FAQs

Q. What is the mandate of the commission on revenue allocation?

A: CRA’s mandate is to recommend a formula for the equitable sharing of nationally raised revenues between the national and county governments and among county governments; the recommendations are based on a statutory provision. It is the only constitutional commission that has a legal mandate to provide revenue sharing recommendations to parliament.

Q. What role will CRA be playing in budget allocation under a devolved government?

A: The commission’s principal mandate is to make recommendations on sharing of revenue collected nationally between the national and county governments. The commission is also required to make recommendations concerning financing and financial management by county governments. It is also required to make recommendations to Parliament on the appropriations of money from the Equalisation Fund.

Q.  What are the major challenges faced by the commission while discharging its constitutional mandate?

A: This is a newly created constitutional commission that, like any other new initiative is likely to encounter a series of challenges. In any reform process there are losers and winners. The un certainties that comes alongside change attracts resistance and irresponsiveness. Losers try to obstruct change because they have genuine fear that reforms will destroy them. We expect that the new government will try to clean the laws to make them in tandem with the spirit of reforms as part of the genuine desire to bring effective reforms.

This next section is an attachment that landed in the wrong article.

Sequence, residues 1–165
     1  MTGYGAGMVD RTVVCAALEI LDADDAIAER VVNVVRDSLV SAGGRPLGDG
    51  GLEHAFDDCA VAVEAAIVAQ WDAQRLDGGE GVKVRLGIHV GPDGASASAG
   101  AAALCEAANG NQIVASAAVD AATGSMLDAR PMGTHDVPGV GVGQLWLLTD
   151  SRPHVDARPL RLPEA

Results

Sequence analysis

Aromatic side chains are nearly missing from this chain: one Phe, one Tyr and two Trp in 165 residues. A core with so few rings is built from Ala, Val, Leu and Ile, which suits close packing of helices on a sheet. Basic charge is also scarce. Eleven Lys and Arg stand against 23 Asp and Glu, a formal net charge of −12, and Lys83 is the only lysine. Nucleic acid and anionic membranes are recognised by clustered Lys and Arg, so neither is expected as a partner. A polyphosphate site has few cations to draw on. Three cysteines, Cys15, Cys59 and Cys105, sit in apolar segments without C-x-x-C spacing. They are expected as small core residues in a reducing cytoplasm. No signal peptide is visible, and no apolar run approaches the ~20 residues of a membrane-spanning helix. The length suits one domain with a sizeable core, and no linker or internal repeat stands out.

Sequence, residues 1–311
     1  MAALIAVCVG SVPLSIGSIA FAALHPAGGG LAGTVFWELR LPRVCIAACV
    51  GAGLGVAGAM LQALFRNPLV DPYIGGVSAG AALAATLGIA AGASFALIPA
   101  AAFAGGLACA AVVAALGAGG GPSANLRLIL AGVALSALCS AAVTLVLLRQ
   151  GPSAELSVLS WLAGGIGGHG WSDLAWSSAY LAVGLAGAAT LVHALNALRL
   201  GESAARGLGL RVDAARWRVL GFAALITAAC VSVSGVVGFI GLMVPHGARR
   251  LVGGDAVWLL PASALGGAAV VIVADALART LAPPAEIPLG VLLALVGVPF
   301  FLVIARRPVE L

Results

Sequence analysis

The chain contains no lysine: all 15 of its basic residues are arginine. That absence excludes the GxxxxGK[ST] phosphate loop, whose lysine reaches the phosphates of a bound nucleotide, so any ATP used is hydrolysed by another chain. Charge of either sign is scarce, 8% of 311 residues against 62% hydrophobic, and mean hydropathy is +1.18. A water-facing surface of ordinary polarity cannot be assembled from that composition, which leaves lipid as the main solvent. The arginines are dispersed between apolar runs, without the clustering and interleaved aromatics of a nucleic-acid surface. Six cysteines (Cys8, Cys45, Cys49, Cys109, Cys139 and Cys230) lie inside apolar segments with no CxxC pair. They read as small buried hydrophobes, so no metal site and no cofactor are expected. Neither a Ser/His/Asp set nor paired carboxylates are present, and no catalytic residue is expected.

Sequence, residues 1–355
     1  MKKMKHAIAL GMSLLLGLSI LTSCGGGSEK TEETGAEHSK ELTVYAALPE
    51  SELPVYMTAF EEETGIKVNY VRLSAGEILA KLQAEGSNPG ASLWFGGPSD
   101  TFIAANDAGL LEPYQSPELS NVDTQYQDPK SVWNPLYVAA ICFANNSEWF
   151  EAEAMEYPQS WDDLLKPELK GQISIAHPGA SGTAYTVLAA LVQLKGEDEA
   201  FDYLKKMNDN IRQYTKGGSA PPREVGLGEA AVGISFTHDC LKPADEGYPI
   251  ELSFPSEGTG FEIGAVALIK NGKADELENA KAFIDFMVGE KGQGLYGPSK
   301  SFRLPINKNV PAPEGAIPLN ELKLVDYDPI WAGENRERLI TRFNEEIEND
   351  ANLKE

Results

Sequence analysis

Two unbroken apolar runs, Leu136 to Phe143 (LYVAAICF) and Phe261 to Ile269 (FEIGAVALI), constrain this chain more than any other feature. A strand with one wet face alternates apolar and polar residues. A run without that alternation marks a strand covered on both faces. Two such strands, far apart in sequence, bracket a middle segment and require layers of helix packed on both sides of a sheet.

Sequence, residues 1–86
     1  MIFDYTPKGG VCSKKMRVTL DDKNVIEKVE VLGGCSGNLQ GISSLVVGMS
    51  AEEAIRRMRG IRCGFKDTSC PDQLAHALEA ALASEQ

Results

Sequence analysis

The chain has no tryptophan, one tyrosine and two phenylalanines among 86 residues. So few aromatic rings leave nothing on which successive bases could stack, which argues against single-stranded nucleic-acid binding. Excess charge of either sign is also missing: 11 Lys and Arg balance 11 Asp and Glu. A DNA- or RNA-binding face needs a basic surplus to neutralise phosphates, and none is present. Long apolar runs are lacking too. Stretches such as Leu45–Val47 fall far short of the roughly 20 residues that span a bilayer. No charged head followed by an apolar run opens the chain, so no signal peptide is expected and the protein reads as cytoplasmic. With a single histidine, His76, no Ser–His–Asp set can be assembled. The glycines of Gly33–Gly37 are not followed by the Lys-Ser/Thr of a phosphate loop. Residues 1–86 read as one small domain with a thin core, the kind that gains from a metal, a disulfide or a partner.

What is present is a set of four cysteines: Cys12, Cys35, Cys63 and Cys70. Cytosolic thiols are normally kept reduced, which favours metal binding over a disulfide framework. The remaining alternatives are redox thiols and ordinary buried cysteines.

The Commission has so far received commendable support from the government, government agencies and other Commissions.

Ultimately, the success to the devolved system of government will depend on the collaborative team effort between:

  • The relevant government departments,
  • The various Commissions tasked with the implementation of the Constitution, and
  • The Transitional Authority.

CRA anticipates that human resource capacity might be a challenge in the initial stages, but expects a quick pick by all counties.

The key issues that are outstanding in the preparation for arrival of county governments include:-

  1. Civil education
  2. Identification and training of key essential staff
  3. Locating appropriate office facilities
  4. Setting up an I.T based financial accounting system
  5. Recommendations on salary levels by the Salaries and Remuneration  Commission

Q: How can the Government cut down expenditure to save money for devolution?

A: The Government will in future need to make major reductions in expenditure in order to save money for the devolved system of government. The savings will come from: